1 2 3 4 5 6 7 8 9 10 11 12

Ibid. HR 465. C II, 57. HR 471, 592. N 85. HR 463. HR 468. HR 436. RR 1694. HR 436. RR 1694. RR 1694. Ibid. HR 472.

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longer consideration of this injustice and a more bitter flame transformed the 'even if you exist' into 'you do not deserve to exist', and then 'you do not exist'. 1 If evil is necessary to the divine creation, then the creation and its author are unacceptable : "Ivan does not come back to this mysterious God, but rather to a higher principle, which is justice. He begins the essential enterprise of revolt which is to substitute the realm of justice for the realm of grace. At the same time, he begins an attack against Christianity." 2 The other rebels can be more explicit, but they rejoin this position." 3 However, they keep the same nostalgia for Dostoevsky as Kirilov : "He feels that God is necessary and that he has to exist. But he knows that he does not exist and that he cannot exist." 4 But what is the nature of God for the rebels whose concept Camus adopts ? c) The Nature of God It is of major importance to emphasize that the God of the metaphysical rebels is neither first nor last the god of the philosophers, but rather the God of the Christians ; all the rebels analyzed by Camus, including Camus himself, are Westerners living since the eighteenth century, 5 and they are Europeans who have felt the influence of Christianity. He is not a mythical god, as with the primitive Greeks, 6 nor the metaphysical god of Aristotle, the first cause and the unmoved over, nor the pantheistic spiritus mundi. 7 According to Camus, "What appeared strange to them was the idea of innocence as opposed to guilt and the vision of all history reduced to the struggle between good and evil. In their universe, there are more mistakes than crimes, the only definitive crime being immoderation." 8 The ancients believed in nature, and Greek destiny was a blind power to which one submitted, as one submits to a natural force : "Revolting against nature amounts to revolting against oneself. It is like beating one's head against a wall. The only coherent revolt, then, is suicide." 9 The rebels address a personal god. "Revolt, after all, can only be imagined as being against someone. Only the notion of a personal god, as the creator and therefore responsible for everything, gives meaning to human protest." 10 Epicurus and Lucretius come to this understanding : 11 "A god who neither rewards nor punishes, a deaf god, is the rebels' only religious idea." 12 Lucretius trembles before the injustice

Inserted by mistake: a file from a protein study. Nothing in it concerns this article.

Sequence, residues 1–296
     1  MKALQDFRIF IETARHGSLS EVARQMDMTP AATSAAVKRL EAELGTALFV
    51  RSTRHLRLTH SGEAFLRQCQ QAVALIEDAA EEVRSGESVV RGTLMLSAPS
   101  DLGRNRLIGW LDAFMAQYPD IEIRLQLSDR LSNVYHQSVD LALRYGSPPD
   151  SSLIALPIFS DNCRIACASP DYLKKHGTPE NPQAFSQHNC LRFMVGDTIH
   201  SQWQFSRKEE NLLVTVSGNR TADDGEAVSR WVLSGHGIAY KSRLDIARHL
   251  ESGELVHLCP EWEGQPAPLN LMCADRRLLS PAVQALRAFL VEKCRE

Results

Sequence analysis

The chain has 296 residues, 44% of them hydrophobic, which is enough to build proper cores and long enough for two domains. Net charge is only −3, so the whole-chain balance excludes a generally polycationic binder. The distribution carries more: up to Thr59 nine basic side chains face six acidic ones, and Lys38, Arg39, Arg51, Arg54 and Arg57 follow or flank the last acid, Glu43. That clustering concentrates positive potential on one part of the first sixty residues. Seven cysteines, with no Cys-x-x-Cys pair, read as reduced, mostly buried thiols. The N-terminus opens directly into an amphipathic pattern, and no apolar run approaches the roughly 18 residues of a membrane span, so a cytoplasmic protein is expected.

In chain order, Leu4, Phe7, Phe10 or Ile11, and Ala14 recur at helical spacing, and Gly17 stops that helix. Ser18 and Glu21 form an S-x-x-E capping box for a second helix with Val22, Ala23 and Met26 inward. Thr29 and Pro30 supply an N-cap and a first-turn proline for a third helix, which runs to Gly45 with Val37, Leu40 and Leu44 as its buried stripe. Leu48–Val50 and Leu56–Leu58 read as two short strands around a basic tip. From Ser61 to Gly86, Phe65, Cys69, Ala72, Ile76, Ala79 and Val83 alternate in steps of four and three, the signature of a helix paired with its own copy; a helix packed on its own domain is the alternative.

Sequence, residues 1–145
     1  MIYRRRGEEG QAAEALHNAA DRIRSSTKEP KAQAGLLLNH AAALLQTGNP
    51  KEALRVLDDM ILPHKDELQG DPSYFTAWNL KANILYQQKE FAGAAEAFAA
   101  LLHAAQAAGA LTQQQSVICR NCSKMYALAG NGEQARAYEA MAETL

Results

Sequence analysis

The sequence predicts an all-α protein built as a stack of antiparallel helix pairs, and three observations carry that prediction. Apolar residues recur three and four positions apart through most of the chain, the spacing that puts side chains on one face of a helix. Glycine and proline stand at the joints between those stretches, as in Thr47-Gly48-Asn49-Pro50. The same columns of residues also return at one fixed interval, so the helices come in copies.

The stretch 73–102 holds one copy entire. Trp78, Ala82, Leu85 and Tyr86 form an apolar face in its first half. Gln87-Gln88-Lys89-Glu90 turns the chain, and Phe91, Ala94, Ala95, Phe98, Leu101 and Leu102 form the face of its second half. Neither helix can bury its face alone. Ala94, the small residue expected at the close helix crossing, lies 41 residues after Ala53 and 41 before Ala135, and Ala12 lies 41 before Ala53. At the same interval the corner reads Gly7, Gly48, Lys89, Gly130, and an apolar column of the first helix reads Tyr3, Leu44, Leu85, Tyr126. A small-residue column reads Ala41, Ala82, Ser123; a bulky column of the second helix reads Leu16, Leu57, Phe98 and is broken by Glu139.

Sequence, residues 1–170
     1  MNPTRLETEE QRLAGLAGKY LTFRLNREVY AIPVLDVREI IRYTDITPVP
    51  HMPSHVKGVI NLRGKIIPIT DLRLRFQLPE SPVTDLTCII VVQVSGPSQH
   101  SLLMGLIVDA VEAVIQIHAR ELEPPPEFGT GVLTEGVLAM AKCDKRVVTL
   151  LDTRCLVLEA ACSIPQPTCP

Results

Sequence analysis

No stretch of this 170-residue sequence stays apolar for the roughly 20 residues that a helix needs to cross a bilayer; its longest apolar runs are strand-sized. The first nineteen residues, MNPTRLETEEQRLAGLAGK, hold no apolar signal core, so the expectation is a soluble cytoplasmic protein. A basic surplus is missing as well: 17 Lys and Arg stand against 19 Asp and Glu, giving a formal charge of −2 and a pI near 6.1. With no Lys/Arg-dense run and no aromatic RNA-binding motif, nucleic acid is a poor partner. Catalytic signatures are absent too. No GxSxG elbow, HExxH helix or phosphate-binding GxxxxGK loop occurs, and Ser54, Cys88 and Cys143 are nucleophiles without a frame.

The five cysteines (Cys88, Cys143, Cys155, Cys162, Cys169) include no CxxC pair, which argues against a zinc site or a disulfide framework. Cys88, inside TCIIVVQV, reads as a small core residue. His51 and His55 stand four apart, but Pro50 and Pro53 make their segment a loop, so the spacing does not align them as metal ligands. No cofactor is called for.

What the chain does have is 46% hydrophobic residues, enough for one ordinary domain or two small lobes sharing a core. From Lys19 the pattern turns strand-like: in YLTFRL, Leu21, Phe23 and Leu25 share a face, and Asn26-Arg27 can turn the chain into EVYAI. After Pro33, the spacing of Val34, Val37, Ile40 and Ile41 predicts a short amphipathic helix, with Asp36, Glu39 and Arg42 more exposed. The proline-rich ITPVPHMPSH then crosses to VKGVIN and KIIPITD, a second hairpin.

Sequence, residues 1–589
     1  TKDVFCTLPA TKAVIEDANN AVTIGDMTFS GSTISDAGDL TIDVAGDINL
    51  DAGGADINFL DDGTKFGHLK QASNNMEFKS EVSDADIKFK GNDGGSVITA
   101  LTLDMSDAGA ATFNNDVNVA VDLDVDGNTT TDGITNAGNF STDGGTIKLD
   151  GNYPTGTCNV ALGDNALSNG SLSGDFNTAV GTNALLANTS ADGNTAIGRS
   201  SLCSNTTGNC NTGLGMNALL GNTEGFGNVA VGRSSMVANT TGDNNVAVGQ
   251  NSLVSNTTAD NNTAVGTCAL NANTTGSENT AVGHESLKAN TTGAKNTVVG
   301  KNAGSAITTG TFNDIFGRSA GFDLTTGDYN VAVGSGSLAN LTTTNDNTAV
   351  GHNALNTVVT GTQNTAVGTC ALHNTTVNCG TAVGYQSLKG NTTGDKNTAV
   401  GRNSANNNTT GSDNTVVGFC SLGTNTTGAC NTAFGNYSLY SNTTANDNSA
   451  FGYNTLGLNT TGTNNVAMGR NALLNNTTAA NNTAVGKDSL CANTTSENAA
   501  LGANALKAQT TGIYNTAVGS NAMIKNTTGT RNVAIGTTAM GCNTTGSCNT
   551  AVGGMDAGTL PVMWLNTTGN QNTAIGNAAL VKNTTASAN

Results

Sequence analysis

1 2 3 4 5 6 7 8 9 10 11 12

HR 510. HR 465-466. Cf. HR 448, 476, 468, 708, 493, 458. MS 183. Cf. HR 438. Cf. HR 438, 439. Cf. PA 1279. HR 440. HR 439. HR 440. HR 440-441. HR 441.